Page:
The Oracle NEXT_DAY and LAST_DAY functions are similar functions used to determine dates. Learn more about what they can do and their differences in this article.
Purpose of NEXT_DAY and LAST_DAY Functions
The Oracle NEXT_DAY function returns the date of the first weekday that comes after the specified date value. It’s good for working with employee working dates or anything that needs a workday as part of its logic.
The LAST_DAY function returns a date value equal to the last day of the month of a specified date value.
It’s not always guaranteed to find the last day of a month by just specifying day 30, because some months have 31 days, or even 28 or 29, as I’m sure you know.
Rather than use a complex function or a database table to find out the last day of the month, LAST_DAY does it easily.
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NEXT_DAY Syntax and Parameters
The syntax for the Oracle NEXT_DAY function is:
NEXT_DAY ( input_date, weekday )
The parameters of the NEXT_DAY function are:
- input_date (mandatory): This is the date used to find the next weekday. The function returns the weekday that occurs after this date.
- weekday (mandatory): This is the day of the week that you want to return. It’s a character data type, so it needs to be enclosed in quotes.
Some other things to note about this function are:
- The return type is always a date value, regardless of the date type that was provided as input_date.
- For the weekday parameter, you can also specify abbreviated names of the week.
- The full name or abbreviated name of the weekday must be in the date language of your database session.
- The return value has the same values for the hours, minutes, and seconds as the input_date.
LAST_DAY Syntax and Parameters
The syntax of the LAST_DAY function is:
The parameters of the LAST_DAY function are:
- input_date (mandatory): This is the date to find the last day in the month of. It can be any of the Oracle DATE data types (e.g. DATE, TIMESTAMP).
The return type of this function is DATE.
Possible Values for the Weekday Parameter in NEXT_DAY
The possible values of the weekday parameter will depend on your database session language, but can be the full names or the abbreviated names.
In English, they are:
|Day of the week||Possible Values|
|Tuesday||TUE, TUES, TUESDAY|
|Thursday||THU, THUR, THURS, THURSDAY|
For the abbreviated names, you need to specify at least the minimum number of characters in the abbreviation. Any more than this and the function will still work.
For example, if you wanted THURSDAY, you can specify THU, THUR, THURS, THURSD, THURSDA, and THURSDAY. They will all work, as they contain the abbreviate form (THU).
Can You Find The Last Day Of A Previous Month?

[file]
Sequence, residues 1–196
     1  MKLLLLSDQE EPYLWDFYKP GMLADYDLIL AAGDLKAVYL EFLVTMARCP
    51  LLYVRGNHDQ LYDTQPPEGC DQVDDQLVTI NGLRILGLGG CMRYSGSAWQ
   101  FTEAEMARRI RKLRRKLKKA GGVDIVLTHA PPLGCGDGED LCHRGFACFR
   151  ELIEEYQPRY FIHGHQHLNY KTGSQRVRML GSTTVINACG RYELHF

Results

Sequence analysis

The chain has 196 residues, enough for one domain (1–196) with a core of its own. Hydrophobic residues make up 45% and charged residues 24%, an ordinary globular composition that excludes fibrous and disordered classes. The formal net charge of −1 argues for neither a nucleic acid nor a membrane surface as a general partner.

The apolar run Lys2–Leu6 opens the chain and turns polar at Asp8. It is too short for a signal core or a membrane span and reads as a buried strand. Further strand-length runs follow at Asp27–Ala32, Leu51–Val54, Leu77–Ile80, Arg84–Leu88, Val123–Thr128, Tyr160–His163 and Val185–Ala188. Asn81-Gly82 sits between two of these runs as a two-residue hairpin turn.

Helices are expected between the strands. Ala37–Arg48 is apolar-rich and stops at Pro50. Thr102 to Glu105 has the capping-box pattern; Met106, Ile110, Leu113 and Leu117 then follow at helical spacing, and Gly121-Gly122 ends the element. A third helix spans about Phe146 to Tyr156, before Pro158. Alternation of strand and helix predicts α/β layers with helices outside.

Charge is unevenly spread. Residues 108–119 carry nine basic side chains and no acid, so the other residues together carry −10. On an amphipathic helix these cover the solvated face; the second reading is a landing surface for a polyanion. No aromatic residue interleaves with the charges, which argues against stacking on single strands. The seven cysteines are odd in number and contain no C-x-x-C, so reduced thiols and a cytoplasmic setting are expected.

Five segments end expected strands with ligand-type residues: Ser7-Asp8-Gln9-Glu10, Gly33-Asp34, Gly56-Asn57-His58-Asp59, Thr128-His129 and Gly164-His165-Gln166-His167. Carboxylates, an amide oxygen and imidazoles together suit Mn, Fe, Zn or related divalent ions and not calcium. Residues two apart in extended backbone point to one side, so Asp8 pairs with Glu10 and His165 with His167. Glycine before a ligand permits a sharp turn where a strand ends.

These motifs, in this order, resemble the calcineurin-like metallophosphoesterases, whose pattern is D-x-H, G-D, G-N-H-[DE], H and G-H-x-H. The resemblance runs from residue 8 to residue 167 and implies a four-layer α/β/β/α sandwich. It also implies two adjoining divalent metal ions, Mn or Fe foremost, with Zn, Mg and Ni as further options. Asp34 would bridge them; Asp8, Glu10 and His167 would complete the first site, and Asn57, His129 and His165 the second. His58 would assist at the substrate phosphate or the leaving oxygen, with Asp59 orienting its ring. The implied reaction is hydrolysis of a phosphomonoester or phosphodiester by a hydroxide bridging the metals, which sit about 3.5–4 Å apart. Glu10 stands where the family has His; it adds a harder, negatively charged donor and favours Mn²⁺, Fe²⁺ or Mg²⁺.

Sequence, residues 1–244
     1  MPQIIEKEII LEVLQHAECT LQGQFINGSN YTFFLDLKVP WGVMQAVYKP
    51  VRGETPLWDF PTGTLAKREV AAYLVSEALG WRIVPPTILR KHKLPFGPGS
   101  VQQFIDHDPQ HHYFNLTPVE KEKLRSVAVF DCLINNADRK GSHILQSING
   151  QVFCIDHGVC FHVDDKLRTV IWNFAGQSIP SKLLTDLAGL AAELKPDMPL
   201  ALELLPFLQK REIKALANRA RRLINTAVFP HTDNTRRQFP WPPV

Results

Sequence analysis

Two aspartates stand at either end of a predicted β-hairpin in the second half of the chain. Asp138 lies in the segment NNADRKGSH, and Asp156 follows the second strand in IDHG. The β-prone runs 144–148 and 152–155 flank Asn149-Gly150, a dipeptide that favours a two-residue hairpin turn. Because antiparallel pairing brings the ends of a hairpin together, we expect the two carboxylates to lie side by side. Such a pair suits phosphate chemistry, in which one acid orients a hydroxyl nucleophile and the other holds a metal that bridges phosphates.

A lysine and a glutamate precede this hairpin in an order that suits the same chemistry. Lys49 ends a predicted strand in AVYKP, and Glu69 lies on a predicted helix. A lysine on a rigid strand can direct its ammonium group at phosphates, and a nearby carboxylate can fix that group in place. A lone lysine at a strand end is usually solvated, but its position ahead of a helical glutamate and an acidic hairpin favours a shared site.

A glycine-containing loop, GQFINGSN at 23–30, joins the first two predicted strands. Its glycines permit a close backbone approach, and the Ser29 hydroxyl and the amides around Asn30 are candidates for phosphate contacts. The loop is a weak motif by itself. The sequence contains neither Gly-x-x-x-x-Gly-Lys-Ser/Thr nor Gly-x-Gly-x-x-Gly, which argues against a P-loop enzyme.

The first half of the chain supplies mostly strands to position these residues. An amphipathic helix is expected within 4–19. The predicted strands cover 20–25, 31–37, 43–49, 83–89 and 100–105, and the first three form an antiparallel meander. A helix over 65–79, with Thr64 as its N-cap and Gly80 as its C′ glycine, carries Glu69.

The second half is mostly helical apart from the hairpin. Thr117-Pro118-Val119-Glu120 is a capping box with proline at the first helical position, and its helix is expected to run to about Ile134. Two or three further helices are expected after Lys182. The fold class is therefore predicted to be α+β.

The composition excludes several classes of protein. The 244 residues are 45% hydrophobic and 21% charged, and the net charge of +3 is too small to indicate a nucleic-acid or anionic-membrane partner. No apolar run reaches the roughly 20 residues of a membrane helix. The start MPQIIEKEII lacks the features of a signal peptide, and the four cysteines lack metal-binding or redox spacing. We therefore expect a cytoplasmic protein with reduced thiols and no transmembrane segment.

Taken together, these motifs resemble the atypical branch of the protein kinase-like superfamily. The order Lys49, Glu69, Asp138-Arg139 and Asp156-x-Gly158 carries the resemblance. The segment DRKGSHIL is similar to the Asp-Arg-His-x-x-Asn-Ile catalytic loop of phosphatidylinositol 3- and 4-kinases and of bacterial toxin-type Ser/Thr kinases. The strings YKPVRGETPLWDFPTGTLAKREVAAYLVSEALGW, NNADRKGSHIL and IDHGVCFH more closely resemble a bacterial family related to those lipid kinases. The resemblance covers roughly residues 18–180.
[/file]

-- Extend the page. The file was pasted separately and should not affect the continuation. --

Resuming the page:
Yes, you can. You can use LAST_DAY in combination with ADD_MONTHS to find the last day of a previous month.
For example, you can use ADD_MONTHS(sysdate, -1) to find the date one month in the past, then use the LAST_DAY function on that.
See the Examples section below for more information.
What’s the Difference Between NEXT_DAY and LAST_DAY?
They have similar names but there is a difference.
NEXT_DAY returns the date of the first weekday that comes after the specified date.
LAST_DAY returns the date matching the last day of the month of the specified date.
Examples of the Oracle NEXT_DAY and LAST_DAY Function
Here are some examples of the NEXT_DAY and LAST_DAY functions. I find that examples are the best way for me to learn about code, even with the explanation above.
Example 1 – NEXT_DAY and Full Day Name
This example shows the next Wednesday from today’s date.
SELECT SYSDATE, NEXT_DAY(SYSDATE, 'WEDNESDAY') AS next_date_example FROM dual;
Example 2 – NEXT_DAY and Abbreviated Name
This example shows the next Thursday from today’s date, using the abbreviated form. I’ve chosen Thursday as SYSDATE is also on a Thursday , and want to see if it shows today’s date or next Thursday‘s.
SELECT SYSDATE, NEXT_DAY(SYSDATE, 'THU') AS next_date_example FROM dual;
As you can see, it shows next week’s date. The function returns the date “greater than” the specified date, not “greater than or equal to”.
Example 3 – NEXT_DAY with TIMESTAMP
This example uses a TIMESTAMP data type.
SELECT SYSTIMESTAMP, NEXT_DAY(SYSTIMESTAMP, 'SUN') AS next_date_example FROM dual;
|26-NOV-17 10.22.43.547847 AM -08:00||3-Dec-17|
Example 4 – NEXT_DAY with Invalid Weekday
This example uses an invalid weekday type.
SELECT SYSDATE, NEXT_DAY(SYSDATE, 'W') AS next_date_example FROM dual;
ORA-01846: not a valid day of the week
Example 5 – NEXT_DAY and a Specified Date
This example uses a date that isn’t SYSDATE to see how it can be entered.
SELECT NEXT_DAY('24-JUN-2017', 'THU') AS next_date_example FROM dual;
Example 6 – LAST_DAY with SYSDATE
This example uses LAST_DAY with todays date using SYSDATE.
SELECT SYSDATE, LAST_DAY(SYSDATE) AS lastday_test FROM dual;
The result shows Nov 30, which is the last day of the current month (Nov 2017).
Example 7 – LAST_DAY with Specified Date
This example uses LAST_DAY with a specified date.
SELECT LAST_DAY('10-NOV-2017') AS lastday_test FROM dual;
The result is Nov 30, 2017, because the specified date was in Nov 2017.
Example 8 – ADD_MONTHS and LAST_DATE in the future
This example uses ADD_MONTHS to add a month value to make it a date in the future.
SELECT SYSDATE, LAST_DAY(ADD_MONTHS(SYSDATE, 5)) AS lastday_test FROM dual;
The result is 30 Apr 2018. This is because 5 months were added to today’s date, to give 26 Apr 2018, then it was converted to the last day using LAST_DAY.
Example 9 – ADD_MONTHS and LAST_DATE in the past
This example uses ADD_MONTHS to add a month value to make it a date in the past.
SELECT SYSDATE, LAST_DAY(ADD_MONTHS(SYSDATE, -1)) AS lastday_test FROM dual;
The result shows 31 Oct 2017, because that’s the last day of the previous month (with the current month being Nov 2017).
You can find a full list of Oracle SQL functions here.
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